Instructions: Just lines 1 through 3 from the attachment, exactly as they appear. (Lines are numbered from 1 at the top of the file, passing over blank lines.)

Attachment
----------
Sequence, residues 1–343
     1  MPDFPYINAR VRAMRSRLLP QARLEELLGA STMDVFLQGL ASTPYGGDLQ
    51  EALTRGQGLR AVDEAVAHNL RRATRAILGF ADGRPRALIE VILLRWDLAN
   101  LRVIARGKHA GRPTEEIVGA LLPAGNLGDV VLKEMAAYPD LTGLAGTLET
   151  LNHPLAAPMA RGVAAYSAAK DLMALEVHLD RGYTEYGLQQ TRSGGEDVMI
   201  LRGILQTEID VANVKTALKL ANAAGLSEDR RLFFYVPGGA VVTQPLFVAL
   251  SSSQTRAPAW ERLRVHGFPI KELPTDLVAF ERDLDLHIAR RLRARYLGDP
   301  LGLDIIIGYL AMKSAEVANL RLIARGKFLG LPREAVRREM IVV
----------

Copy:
Sequence, residues 1–343
     1  MPDFPYINAR VRAMRSRLLP QARLEELLGA STMDVFLQGL ASTPYGGDLQ
    51  EALTRGQGLR AVDEAVAHNL RRATRAILGF ADGRPRALIE VILLRWDLAN